So, it certainly does affect the party in a way more than just paying the lawyers.

They must now, under this subsection, pay up to 25 percent of any damages awarded to them to offset the award to the wrongdoer, the defendant in this case, as obligation for attorney fees.

So–

Ruth Bader Ginsburg:

How frequent is it in these prison reform litigation cases that… that there is any significant monetary award to the plaintiffs?

Deborah LaBelle:

–I think that in… the most significant awards do occur in situations of wrongful death and in rapes.

Certainly that’s my familiarity, more in the women’s prison situation.

There are–

Ruth Bader Ginsburg:

Those cases would tend to be brought not as these large class actions, would they?

The wrongful death case?

Deborah LaBelle:

–There are cases brought as class and as individuals, Your Honor, addressing both where there is a pervasive condition that is alleged.

But I think in… in the general situation where there are damages, I would agree that in general they are brought in individual circumstances.

Ruth Bader Ginsburg:

May I ask you to clarify one point to make sure I got it right?

Did you respond, in answer to Justice Breyer’s question, that you would take the same line with respect to a Congress that doubled the fee, because it wanted to give people incentive to bring these actions, that the word brought would mean that the increase applied only to actions brought after the effective date?

Deborah LaBelle:

If the statute had the same evolution, Your Honor, and the procedure that I think we have here, where Congress took that section out of a section that applied to pending cases and put it in a section that did not and did not specify that it applied to pending cases, I think that you would have to use your general rules of statutory interpretation to say that Congress did not intend it to apply to pending cases.

Ruth Bader Ginsburg:

So, the answer is yes.

Ruth Bader Ginsburg:

It would have the same–

Deborah LaBelle:

Yes.

Ruth Bader Ginsburg:

–words, the same history.

Deborah LaBelle:

The answer is yes.

Ruth Bader Ginsburg:

It would work both ways.

Deborah LaBelle:

It would work both ways, Your Honor, because it would… in that circumstance I would not argue that the defendants who also work under these circumstances with the knowledge as to what the fees would be should have to, in pending cases, then have to reassess that and now be told not that it will be market rate, but that it might be double market rate, and especially in circumstances where they can’t go back and change their conduct, as is urged here, where we worked under an entitlement of a court order to what had been defined as market rate and performed that work, and then the act came into effect.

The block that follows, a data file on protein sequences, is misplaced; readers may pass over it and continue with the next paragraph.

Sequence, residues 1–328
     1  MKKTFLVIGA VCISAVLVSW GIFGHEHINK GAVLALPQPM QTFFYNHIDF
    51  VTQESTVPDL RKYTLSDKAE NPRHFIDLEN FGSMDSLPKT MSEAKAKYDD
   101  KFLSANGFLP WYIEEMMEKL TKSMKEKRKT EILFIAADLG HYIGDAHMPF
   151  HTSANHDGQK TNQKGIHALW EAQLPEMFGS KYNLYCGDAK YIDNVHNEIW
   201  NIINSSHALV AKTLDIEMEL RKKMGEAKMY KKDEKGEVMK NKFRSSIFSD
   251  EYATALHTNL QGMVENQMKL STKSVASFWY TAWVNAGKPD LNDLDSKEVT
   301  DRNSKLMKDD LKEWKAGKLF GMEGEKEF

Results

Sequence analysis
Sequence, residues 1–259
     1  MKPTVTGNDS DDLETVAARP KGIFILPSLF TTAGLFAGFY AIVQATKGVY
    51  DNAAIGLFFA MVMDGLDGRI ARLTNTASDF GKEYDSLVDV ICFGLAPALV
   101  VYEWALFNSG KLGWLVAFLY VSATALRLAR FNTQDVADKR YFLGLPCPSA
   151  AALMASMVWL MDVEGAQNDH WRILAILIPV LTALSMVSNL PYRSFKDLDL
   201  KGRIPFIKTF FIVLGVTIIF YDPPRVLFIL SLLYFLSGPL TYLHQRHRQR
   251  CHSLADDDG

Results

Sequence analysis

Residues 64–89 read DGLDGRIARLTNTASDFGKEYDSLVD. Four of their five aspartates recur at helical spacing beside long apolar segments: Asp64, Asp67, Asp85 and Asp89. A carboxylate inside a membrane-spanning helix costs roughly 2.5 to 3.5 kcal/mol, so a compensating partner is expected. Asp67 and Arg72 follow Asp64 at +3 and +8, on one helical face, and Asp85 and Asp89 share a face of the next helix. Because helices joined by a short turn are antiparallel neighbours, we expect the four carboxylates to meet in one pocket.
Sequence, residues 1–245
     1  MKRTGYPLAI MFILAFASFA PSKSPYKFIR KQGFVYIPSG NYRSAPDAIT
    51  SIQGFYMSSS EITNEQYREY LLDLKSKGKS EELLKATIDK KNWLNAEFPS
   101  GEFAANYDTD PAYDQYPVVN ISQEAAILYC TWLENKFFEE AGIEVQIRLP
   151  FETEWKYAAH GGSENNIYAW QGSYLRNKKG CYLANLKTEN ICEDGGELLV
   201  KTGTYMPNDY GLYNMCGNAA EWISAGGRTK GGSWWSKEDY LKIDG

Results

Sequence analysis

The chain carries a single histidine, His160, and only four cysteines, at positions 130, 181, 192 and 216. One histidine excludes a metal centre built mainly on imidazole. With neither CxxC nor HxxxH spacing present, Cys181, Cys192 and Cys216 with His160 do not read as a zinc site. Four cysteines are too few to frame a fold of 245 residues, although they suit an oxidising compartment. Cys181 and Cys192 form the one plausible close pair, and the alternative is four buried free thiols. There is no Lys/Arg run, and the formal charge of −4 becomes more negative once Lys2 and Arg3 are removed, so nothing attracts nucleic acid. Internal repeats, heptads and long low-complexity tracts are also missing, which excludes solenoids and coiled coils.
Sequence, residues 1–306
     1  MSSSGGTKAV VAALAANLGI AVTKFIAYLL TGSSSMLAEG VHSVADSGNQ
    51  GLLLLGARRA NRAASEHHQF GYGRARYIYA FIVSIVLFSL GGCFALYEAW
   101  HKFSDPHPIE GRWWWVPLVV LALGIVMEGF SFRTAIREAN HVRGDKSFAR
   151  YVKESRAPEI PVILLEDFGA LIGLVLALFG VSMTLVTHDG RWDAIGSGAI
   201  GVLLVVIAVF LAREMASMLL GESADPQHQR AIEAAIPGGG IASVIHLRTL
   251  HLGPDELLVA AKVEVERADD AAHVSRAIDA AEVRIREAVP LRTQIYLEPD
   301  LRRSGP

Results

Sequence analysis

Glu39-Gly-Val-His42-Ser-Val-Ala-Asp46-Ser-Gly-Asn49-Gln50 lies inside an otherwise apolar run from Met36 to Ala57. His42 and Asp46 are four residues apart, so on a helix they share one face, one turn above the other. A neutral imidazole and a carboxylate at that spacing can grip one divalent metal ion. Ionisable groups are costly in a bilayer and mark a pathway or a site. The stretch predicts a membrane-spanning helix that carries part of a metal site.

And so that certainly we can’t alter and we can’t go back and make a decision whether to withdraw.

But… but I would think that here, where Congress… I think that although I do believe that there is a retroactive effect on the parties by applying this act to cases that are pending, I think that Congress… you don’t need to get to that if you look at what Congress did here.

David H. Souter:

Well, may I raise a question here?

I have one basically simple problem with your statutory argument, to the extent that you are arguing that at no time may the court prospectively change the rate in this case to conform to the new… to the new act.

The problem that I have with it is that I assume… I have to assume… that Congress legislated against a background of… of fee award practices in… in which we… we all find it a familiar feature of the system, that the court is constantly reexamining fee orders in… in these continuing cases.

Lawyers come in, just as I guess… I don’t know whether you did, but I gather a lawyer did in this case and said I ought to paid more, and that was even for work that had been completed.

But in any case, I ought to get a higher rate.

And it seems to me that the… that the background principle against which Congress probably legislated was the principle in which adjustments are made as we go along.

Now, we may fight about the retroactive effect of making that adjustment with respect to a post-enactment period for work done before the adjustment is made.

Let’s leave that aside.

But with respect to an adjustment which is by any standard totally prospective, the adjustment that is made when the court says, from now on any work that you do is going to be compensated at the… at the rate under the new statute, it seems to me that that is probably in conformance with what Congress would have assumed as a background principle for the way fee awards in continuing cases are made.

Now, is… is my simple problem subject to a simple answer?

Deborah LaBelle:

Your Honor, if… perhaps in cases where you’re in monitoring, but that would not be the way–

David H. Souter:

Which is what we have here.

Deborah LaBelle:

–Correct, but this would also apply to cases where attorneys are in midstream on a case, where they started the case under the understanding that they would get those fees.

David H. Souter:

Well, what… may I question that?

How many… this is really a question.

It’s not just a rhetorical question.

How many lawyers begin cases… let’s say, prison litigation cases… with a… a clear understanding about what the hourly rate is going to be if they win?

Is that… is that commonly done?

Do we go into court and pretrials in these cases and say, if you’re the prevailing party, you’re going to get X dollars an hour?